Even if the ideas are thrown out, everyone’s loving it and laughing, just having a great time. The effects aren’t that high-level, as far as needing a ton of time to develop. But, because so many ideas were thrown at it, it took a while. It took awhile to understand how much background action was going on in the battle sequence and how ridiculous we wanted to make it. Everything was thrown at it.

“Maybe we do this, maybe we do that, maybe we have more lounge chairs, now we have a big ball.” That was one of the last VFX scenes to be creatively locked down and therefore be finished. I think everyone was pretty happy with the results.

MF: The note is always more lounge chairs.

Nick Houy: No, it was quite the opposite, actually.

MF: There’s so much I don’t understand about this movie…

Maya, is the approach in managing those timelines to keep everything in, layer it up so we see all the different iterations in there? Or is it more like “No, I’m going to have different versions and they’re going to be as Spartan as I can get away with”?

Maya Rivera: We didn’t have everything stacked so that we could go back to the last version. Though, sometimes that did happen. There were so many versions, that would have been impossible to do. Matt had a very good marking system going.

Nick Houy: Yeah, that was amazing. What was it again, Matt?

Matt Garner: We created subclips of every shot that we turned over and those subclips then became our version zero. That way, we would have a clip that would represent exactly what was turned over and that clip was then muted on the track.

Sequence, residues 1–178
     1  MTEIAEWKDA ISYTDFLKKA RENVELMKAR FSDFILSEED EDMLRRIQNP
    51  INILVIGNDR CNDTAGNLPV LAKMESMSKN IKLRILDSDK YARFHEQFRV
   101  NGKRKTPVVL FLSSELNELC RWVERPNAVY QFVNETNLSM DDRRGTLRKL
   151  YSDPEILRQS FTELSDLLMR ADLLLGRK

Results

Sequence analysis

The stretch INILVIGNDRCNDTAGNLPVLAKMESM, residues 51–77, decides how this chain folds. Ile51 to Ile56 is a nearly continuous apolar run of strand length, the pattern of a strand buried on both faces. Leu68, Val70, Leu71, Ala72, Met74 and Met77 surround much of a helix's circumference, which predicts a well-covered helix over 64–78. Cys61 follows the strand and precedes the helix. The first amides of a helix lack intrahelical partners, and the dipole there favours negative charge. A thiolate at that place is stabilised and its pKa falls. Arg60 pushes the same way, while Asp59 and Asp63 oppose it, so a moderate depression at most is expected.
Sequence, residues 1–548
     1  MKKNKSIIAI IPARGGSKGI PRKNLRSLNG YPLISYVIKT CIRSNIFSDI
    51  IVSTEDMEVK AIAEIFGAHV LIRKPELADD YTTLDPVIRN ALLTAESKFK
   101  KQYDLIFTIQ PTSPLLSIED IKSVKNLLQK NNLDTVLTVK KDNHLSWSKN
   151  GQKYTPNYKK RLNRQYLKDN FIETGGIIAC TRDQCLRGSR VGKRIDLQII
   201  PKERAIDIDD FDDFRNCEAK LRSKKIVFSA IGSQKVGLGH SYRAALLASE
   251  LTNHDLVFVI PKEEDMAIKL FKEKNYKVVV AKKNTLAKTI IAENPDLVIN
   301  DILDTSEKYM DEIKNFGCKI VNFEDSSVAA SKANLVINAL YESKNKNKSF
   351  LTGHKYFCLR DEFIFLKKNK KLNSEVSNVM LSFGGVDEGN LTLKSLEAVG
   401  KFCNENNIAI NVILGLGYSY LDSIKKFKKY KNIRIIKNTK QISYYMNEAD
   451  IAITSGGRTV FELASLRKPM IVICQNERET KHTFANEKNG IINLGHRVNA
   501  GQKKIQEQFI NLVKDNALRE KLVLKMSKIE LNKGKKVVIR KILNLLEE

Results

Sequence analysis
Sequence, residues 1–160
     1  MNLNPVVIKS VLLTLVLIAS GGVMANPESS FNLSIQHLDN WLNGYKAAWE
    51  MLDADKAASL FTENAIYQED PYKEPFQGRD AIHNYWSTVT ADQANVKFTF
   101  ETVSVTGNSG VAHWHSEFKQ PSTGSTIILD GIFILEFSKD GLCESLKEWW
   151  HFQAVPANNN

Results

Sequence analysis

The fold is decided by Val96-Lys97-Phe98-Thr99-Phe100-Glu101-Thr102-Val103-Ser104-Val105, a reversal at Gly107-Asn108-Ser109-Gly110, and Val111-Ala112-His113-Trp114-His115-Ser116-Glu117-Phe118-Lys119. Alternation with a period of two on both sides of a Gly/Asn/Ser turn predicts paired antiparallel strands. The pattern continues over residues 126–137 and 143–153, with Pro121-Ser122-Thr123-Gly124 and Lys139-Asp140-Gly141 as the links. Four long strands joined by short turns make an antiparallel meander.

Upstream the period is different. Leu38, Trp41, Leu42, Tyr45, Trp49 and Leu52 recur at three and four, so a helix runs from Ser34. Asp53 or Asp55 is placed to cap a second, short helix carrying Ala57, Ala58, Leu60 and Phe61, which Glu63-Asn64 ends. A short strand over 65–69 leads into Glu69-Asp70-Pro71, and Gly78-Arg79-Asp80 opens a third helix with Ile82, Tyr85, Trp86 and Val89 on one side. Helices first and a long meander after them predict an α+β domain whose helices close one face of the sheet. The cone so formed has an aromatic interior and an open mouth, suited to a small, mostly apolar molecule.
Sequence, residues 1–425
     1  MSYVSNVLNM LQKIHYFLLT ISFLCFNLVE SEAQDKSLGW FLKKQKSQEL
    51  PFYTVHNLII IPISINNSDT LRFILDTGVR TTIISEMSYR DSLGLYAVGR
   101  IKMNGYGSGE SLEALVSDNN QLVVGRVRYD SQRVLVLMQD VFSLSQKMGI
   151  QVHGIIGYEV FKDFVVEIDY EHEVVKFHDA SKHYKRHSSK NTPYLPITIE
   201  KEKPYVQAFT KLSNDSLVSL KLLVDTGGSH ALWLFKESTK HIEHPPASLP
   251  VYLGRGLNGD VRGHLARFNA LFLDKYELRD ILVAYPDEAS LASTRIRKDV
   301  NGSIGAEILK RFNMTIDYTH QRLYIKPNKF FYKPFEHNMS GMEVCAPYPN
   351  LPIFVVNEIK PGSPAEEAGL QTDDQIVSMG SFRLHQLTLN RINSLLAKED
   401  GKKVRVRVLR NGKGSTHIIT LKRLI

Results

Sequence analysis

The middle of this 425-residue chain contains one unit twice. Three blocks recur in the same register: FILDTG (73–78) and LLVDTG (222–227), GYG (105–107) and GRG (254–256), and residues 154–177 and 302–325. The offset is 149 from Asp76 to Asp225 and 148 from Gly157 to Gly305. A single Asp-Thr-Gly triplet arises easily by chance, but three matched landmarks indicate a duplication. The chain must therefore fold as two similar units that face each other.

If Nick was extending a shot, he’d run out of that clip and say “We don’t have that turned over to the vendor”, if that makes sense. We didn’t ask him to pay attention to that part of it, but we were paying attention to that and having a reconciliation. Then we’d conform every couple of days to see what’s been set off.

That was one part of it. We also used markers all over the place. Even when elements were turned over, they were stacked. We would collapse clips together on one track. That track was for our VFX tracking. It was muted and placed above the main track, and we would use it in conjunction with our database to follow along with the edit.

As far as the iterations go, luckily, decisions were being made. We didn’t have many places where Greta or Noah or Nick were thinking “Let’s keep that in our back pocket, because we may want to switch it on or off later.” There were a couple of those, but over the course of 2,000 shots in the movie and 1,500 VFX shots, I think there were only four instances where we said “Let’s just have that in our back pocket.” We could go back to an old sequence if we decided to go back to an old idea.

We had the tracking layer and then we had other layers that were just active VFX. We would only have one or two tracks as far as what was actually being seen in the playouts.

MF: It seems like there was a fluidity to the creative process. There’s the script, but then Greta and Noah and everybody were not afraid to say “Let’s just see where we can take this. Let’s see all the different ways we can go.”